Why Renting Is Back In Fashion
Game-changing legislations might have changed the atmosphere for better, but it may still take a while before things are back on track in the world of real estate. In the meantime, landlords are seeing an upshot in demand for their properties as prospective home buyers are deferring their plans to invest. By the look of it, unaffordability looks like the single-biggest factor owing to which people have to stay a tenant. However, a new, unmistakable, trend is also emerging ─ People are not renting homes because they have to do so; people are renting homes because they choose to do so.
Now arises the obvious question ─ Why would someone choose to rent a house than own one? Is renting not just a waste of money? With every equated monthly installment (EMI) payment, a borrower gets closer to ownership. Your money rent goes into the pockets of your landlord without bringing much to you. Living in your own home means security and freedom. You do not run the risk that someone might tell you to vacate the premises next month—this is security. You can do what you like in your home without anyone telling you this or that cannot be done —this is freedom. Additionally, you own an asset, which is much valued in our society, the monetary benefits of the asset notwithstanding.
Today's youth, at least some of them, beg to differ. What is seen as freedom and security according to conventional wisdom might mean exactly the opposite, too, they believe.
“If I do not like the neighbourhood, I can quickly shift to another rented accommodation. You do not have that kind of liberty when the house belongs to you. When you go home buying, you cannot afford to go wrong in any manner. It is only renting where you can afford that kind of freedom. We, as a matter of fact, are humans and are prone to making mistakes. Keeping that in mind, renting is preferable,” says Radhika Jha, a 29-year-old media professional, based in Mumbai.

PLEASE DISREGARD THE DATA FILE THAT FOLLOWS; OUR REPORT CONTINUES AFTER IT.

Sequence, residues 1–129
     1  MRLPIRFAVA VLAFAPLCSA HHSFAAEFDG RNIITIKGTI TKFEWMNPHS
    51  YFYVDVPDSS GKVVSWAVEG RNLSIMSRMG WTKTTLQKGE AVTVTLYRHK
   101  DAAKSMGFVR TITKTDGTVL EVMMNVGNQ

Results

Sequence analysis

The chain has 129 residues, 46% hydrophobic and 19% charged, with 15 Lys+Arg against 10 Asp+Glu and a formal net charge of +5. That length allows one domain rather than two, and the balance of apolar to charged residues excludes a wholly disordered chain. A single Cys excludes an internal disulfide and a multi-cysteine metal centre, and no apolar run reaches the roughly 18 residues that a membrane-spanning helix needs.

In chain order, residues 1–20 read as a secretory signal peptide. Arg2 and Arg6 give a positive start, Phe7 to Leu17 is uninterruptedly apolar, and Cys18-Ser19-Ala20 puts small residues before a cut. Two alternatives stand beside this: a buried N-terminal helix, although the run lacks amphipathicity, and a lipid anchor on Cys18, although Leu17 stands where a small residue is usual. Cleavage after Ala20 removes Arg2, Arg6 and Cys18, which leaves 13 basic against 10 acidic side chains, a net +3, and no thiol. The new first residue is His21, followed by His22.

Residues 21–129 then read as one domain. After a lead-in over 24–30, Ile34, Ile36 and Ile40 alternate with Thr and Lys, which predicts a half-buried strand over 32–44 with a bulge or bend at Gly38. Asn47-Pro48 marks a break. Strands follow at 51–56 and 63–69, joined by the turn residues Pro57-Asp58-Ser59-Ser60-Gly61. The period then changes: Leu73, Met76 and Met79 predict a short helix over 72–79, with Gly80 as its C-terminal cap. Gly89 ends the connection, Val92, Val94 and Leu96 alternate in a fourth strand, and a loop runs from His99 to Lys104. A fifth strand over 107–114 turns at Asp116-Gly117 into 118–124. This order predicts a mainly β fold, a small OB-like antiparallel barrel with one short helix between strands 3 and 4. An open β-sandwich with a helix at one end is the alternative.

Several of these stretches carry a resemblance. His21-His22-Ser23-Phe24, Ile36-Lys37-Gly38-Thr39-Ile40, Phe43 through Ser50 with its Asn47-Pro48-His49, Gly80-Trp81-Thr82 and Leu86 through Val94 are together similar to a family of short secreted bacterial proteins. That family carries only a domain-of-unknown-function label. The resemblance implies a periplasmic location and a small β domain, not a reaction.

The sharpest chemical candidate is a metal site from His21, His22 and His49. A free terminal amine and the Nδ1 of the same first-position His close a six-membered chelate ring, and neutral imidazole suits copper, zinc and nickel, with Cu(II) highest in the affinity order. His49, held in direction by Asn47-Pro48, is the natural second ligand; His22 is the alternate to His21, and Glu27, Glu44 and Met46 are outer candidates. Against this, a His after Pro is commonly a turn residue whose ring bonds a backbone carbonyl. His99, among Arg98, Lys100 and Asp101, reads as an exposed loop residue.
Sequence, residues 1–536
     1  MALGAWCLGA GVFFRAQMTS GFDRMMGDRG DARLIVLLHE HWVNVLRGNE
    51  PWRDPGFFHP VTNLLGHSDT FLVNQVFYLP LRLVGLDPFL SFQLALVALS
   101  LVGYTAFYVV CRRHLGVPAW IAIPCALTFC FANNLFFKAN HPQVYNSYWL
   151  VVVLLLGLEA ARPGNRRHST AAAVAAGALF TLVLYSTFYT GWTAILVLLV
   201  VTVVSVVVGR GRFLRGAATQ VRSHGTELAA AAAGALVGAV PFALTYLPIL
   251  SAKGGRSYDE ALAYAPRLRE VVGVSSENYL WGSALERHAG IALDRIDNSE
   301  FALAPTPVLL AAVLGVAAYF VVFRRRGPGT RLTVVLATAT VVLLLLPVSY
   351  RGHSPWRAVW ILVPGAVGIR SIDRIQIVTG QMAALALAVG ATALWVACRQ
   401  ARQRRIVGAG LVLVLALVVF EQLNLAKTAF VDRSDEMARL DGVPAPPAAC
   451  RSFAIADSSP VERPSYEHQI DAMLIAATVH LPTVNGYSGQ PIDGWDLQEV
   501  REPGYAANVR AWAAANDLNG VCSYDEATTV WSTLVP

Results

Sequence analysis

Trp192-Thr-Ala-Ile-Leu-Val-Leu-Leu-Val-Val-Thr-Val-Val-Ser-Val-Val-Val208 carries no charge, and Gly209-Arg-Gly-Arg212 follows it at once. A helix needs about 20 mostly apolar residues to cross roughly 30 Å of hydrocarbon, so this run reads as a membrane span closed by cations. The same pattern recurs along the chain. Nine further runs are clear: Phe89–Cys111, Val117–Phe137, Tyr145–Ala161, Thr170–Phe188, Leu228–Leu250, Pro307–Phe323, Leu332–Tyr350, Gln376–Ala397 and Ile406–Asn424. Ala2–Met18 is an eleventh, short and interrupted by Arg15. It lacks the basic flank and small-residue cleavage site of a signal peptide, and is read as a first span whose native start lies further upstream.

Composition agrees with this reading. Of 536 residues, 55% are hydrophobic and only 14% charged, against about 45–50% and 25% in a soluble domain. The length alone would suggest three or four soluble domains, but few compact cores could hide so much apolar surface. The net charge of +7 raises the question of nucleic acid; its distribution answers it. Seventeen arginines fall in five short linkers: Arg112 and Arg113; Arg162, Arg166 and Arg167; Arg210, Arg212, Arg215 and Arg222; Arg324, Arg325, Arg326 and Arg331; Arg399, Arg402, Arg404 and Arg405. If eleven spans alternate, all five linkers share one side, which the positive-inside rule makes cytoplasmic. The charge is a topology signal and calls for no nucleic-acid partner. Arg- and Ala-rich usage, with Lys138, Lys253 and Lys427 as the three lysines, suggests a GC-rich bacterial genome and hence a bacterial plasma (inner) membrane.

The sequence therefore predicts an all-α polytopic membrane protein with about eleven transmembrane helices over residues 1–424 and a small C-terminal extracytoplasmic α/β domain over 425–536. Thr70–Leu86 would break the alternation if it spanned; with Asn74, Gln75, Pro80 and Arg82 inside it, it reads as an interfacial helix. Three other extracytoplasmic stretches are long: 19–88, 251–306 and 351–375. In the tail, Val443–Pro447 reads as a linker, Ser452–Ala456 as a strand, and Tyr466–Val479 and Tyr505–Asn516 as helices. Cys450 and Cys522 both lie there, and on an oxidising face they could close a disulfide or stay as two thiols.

The unfailing co-existence of property ownership and security may also be over-hyped, opine the young renters.
“I avoid all confrontational situations at office. Because I have taken a home loan and have to pay a monthly EMI, I cannot lose my job at any cost. In case an untoward situation arises and I end up unemployed, I will default on my loan. House ownership in my case does not mean feeling secure till I am done paying the loan. There is always this looming fear of doing something wrong that might derail all my plans,” says Abhinav Rajpur, 35, a Gurgaon-based software engineer.
And then, there is the very basic question. Most of us, especially migrants who have come to big cities to earn a living, cannot afford a house without assistance from financial institutions. These financial institutions will only be lending us money based on our monthly take-home salary. Now, let us assume that all went fine, and we did buy a house. What are we to do in case we find a better job in another city? Will it be financially viable to take up the job, rent an accommodation in the new city and put our own home on rent?
“In several ways, property ownership curbs your freedom. Two years back, I moved from Delhi to Mumbai because I got a better job offer. In case I had a home to take care of in Delhi before moving to Mumbai, I may have decided to let go of the job offer. That would certainly have been detrimental to my professional growth,” says Jha.
Renting, too, has a great deal of freedom and security to offer, it seems.